15 Pericardial Tamponade
Blunt/penetrating trauma may cause bleeding into the pericardial sac Since sac cannot expand much, the heart is compressed Cardiac output drops significantly, and blood backs up into veins Life-threatening Signs/Symptoms: JVD, hypoperfusion, tachycardia (can be extreme), decreased BP, narrow pulse pressure (< 30mmHg), weak pulses (radial will diminish or disappear)


17 Rib Injury Not life-threatening, can cause life-threatening damage to other organs Ribs most commonly fractured are the 3rd – 8th; most common site is lateral aspect of the chest Fracture may lacerate the intercostal artery or vein and cause internal bleeding Less common in children because their cartilage is more resilient than an adult’s

18 Signs/Symptoms Severe pain with movement and breathing Crepitation
Tenderness upon palpitation Deformity of the chest wall Inability to breathe deeply Coughing Tachypnea

19 Treatment Place arm over the injury site and apply a sling and swathe to hold in place Give patient a pillow to hold over the injury to splint manually Do not completely wrap the chest or apply swathe snugly

20 Assessment-based Approach
Scene Size-up Do not enter scene of a shooting or stabbing until police tell you it is safe Take BSI Wear gloves and eye protection Ask bystanders what happened Scan scene for details that will show MOI Sports accident? Fighting? Shooting? MVC? Crushed between two objects? Is patient guarding? Explosion?

21 Primary Assessment Form general impression
Cyanotic? Respiratory distress? Breathing shallow or rapid? Guarding? Extreme pain? Expose/examine chest Open chest wound, occlude with gloved hand Paradoxical movement Mental status? Airway obstruction? Blood? Jaw-thrust Listen to speech pattern Oxygen PPV if breathing inadequate High priority for transport Log roll patient to assess posterior for a exit/entrance wound if shooting is suspected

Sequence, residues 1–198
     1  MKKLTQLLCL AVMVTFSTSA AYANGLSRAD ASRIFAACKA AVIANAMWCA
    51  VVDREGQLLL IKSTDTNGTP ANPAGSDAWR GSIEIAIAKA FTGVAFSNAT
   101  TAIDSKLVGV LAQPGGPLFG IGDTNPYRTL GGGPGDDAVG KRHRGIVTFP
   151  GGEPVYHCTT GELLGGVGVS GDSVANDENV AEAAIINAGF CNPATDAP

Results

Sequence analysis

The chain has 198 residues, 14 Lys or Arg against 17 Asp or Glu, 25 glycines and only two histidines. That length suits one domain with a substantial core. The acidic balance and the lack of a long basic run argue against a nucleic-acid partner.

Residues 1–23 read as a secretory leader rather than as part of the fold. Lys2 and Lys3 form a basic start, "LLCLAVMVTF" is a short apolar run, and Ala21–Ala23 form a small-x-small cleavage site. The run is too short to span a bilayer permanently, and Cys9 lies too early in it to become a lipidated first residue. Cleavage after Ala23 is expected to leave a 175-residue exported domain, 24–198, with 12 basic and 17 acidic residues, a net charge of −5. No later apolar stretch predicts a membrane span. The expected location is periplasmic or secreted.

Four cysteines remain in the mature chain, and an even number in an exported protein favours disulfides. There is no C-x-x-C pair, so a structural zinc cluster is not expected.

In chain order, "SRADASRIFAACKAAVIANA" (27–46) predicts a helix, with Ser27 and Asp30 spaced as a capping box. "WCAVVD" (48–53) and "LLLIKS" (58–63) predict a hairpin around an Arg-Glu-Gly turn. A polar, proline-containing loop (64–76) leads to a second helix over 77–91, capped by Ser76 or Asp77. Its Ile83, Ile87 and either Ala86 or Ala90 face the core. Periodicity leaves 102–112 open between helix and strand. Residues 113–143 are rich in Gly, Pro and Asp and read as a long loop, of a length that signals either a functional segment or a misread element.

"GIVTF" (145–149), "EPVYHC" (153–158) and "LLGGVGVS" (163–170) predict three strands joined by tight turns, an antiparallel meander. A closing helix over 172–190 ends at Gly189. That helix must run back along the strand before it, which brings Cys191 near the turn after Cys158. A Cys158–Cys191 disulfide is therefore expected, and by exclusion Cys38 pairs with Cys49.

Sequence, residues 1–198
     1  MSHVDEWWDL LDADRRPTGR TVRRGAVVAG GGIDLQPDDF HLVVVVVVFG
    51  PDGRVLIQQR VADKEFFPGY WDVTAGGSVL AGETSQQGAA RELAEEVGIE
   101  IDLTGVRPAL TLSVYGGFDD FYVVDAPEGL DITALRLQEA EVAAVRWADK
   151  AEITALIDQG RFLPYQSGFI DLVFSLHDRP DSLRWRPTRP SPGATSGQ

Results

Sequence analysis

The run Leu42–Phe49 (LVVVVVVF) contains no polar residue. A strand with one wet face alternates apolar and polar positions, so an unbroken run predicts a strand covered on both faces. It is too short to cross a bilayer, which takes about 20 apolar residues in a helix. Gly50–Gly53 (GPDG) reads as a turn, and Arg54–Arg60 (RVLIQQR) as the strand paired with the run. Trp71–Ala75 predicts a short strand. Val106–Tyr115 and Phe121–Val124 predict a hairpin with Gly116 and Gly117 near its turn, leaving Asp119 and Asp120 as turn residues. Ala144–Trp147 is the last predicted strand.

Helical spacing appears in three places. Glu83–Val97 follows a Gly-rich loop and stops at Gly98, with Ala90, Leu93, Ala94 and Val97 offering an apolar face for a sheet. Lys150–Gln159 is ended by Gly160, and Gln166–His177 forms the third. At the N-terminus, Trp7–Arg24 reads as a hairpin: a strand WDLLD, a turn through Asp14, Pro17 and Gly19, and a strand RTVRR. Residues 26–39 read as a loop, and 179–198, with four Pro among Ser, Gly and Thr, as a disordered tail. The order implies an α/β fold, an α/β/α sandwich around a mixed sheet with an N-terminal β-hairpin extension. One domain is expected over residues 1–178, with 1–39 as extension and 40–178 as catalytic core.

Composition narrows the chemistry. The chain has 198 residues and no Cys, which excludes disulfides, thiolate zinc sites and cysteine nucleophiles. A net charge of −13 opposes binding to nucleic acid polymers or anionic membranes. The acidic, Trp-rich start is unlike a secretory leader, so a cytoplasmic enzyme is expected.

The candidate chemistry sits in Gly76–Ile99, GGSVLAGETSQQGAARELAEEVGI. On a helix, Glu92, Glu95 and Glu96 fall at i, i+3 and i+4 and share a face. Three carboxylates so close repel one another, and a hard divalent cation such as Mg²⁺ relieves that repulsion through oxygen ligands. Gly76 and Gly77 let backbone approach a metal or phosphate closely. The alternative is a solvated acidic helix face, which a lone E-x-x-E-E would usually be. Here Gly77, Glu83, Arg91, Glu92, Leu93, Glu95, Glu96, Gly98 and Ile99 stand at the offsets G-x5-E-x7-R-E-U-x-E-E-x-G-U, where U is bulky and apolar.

22 Secondary Assessment Inspect/palpate for other injuries
Breathing status Assess neck for subcutaneous emphysema, JVD, tracheal deviation Spine injury suspected, C-collar Expose chest, cut clothes off Look for flail chest signs Palpate the chest, check for equal movement on both sides, paradoxical movement, swelling and deformities

23 Secondary Assessment Determine breath sounds are clear and equal or decreased or absent on one or both sides Inspect abdomen for excessive muscle movement during breathing Assess baseline vital signs Obtain history from responsive patient; bystanders if unresponsive

24 Signs/Symptoms Cyanosis: fingernails, fingertips, lips, face
Dyspnea or Tachypnea Contusions, lacerations, punctures, swelling, or other obvious signs of trauma Hemoptysis (coughing up blood/bloody sputum Signs of shock Tracheal deviation Paradoxical movement Open wound that may/may not produce sucking sound Subcutaneous emphysema JVD Absent or decreased breathing sounds upon auscultation Pain at injury site Failure of chest to expand normally during inhalation Peripheral pulses that become extremely weak or absent during inhalation Drop of 10 mmHg or more in systolic BP during inhalation

25 Emergency Care – Open Chest Wound
Seal with gloved hand Occlusive dressing Constantly assess respiratory status Signs/Symptoms of complications: difficulty breathing, tachypnea, decreased/absent breath sounds, cyanosis, tachycardia, decreasing BP or narrowing pulse pressure, JVD, Unequal movement in chest wall, extreme anxiety and apprehension, increased resistance to PPV If you observe complications, burp the occlusive dressing

26 Emergency Care – Open Chest Wound

27 Emergency Care – Flail Segment
Place hand over flail segment to splint it in a inward position Patient breathing inadequately, initiate PPV Place bulky dressings, a pillow, or a towel over the unstable segment, or secure the patient’s arm to body, to stabilize the injury Reassessment: Evaluate effectiveness of treatment, assess for further deterioration If there is deterioration, (increasing breathing difficulties, worsening cyanosis) repeat secondary assessment, look for injuries you may have missed Reassess vital signs

28 Emergency Care – Flail Segment


30 Questions ????